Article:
In traditional (or typical) marriages, estate and financial planning focuses mainly on the more economically-dominant partner's retirement, disablement and death. Their will, whether a separate or joint will, also focuses on the "breadwinner" as the first deceased or if they and their spouse should die simultaneously or shortly after each other.
But what would happen if the "breadwinner's" spouse dies first, especially in the case of a joint estate?
If in the case of a joint estate the non-breadwinner dies first, a common problem is cash shortfalls. In a joint estate, each spouse owns one half of all assets and is also liable for one half of all liabilities. A spouse may therefore bequeath his or her assets, including the net half of the joint estate, to any person or institution.
Even if the couple have reached consensus regarding the execution of their joint will, he/she has the right to draw up a separate will that revokes his/her part of the joint will. Should this happen, the living partner might be in for a few shocks when their spouse dies, as far as the content of the will is concerned.
The widow would retain their half of the net joint estate thanks to the marriage in community of property. They would lose control of the other net half or a portion thereof should they succeed with a claim in terms of the Maintenance of Surviving Spouses Act.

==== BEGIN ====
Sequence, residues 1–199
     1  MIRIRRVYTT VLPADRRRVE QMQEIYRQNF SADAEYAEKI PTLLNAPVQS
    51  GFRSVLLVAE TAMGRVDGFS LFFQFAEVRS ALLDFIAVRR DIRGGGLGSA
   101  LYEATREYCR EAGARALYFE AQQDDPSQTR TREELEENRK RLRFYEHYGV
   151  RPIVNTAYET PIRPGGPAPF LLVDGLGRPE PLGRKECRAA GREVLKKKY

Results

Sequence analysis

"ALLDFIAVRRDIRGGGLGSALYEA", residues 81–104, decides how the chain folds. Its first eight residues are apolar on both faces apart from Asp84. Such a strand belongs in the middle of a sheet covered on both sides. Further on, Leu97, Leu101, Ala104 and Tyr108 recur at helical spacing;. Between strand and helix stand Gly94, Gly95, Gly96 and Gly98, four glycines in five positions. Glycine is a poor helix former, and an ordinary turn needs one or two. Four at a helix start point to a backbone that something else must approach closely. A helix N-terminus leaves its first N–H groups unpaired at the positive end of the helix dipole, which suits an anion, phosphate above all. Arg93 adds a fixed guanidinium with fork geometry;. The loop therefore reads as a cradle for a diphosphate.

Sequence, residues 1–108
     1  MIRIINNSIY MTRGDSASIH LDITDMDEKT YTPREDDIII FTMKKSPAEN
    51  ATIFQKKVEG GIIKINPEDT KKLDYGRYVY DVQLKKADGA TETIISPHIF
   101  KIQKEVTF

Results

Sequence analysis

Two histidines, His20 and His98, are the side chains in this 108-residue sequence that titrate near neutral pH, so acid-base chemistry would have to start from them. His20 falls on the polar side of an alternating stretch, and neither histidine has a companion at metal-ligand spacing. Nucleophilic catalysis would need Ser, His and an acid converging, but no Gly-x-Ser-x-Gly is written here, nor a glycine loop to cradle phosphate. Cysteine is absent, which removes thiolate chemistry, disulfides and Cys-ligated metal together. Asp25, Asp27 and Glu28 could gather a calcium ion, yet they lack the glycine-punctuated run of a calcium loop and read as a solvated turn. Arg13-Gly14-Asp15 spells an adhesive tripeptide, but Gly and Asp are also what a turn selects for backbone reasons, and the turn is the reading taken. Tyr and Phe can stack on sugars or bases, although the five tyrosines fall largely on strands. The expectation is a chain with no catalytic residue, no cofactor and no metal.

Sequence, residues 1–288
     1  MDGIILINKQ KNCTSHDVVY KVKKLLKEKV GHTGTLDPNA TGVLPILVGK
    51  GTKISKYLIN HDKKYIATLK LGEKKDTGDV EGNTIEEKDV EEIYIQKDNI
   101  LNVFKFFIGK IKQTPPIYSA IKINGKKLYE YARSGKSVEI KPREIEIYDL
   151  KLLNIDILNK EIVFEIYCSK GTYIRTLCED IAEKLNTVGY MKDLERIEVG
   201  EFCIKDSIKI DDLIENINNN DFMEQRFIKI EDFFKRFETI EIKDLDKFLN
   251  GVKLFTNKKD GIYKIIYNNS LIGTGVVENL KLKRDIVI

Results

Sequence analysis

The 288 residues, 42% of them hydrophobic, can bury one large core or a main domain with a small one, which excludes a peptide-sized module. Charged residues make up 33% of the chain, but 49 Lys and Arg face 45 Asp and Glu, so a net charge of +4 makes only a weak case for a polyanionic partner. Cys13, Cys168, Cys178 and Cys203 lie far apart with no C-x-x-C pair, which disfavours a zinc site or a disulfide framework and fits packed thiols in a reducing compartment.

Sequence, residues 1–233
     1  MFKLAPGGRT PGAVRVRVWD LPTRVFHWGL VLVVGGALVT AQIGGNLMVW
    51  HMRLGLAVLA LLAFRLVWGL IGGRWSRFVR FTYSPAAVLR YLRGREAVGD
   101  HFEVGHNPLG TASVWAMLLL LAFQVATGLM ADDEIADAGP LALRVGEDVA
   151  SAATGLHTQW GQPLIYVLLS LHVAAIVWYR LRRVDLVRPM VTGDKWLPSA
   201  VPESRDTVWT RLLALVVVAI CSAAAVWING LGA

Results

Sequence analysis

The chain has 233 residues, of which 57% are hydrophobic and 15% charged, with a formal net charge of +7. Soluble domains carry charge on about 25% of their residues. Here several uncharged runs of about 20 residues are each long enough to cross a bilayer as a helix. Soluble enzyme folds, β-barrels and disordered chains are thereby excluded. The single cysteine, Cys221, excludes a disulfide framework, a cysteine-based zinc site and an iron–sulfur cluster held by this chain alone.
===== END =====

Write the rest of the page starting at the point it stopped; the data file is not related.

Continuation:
Should sufficient cash not be available, the payment of the shortfall would have to be negotiated. Practical problems could arise, such as restrictions on the subdivision of agricultural land and the deceased spouse's heirs' share of the assets.
They would have to reach consensus on the division of assets and might have to enter into a redistribution agreement. If not, they might be faced with a possible sale. If consensus is reached, the heir might insist on immediate payment and the spouse would have to raise a large loan.
Although the deceased partner might have had good intentions, their actions caused lots of problems for their spouse. They could result, for example, in the collapse of the businesses.
This type of problem could also arise if the first-dying spouse dies intestate, i.e. does not have a will or the will is not valid. It is virtually impossible to avoid this type of risk, which will always arise in marriages in community of property.
What is most important is that sound advice should be obtained when a new will is drawn up or an existing will is reviewed.
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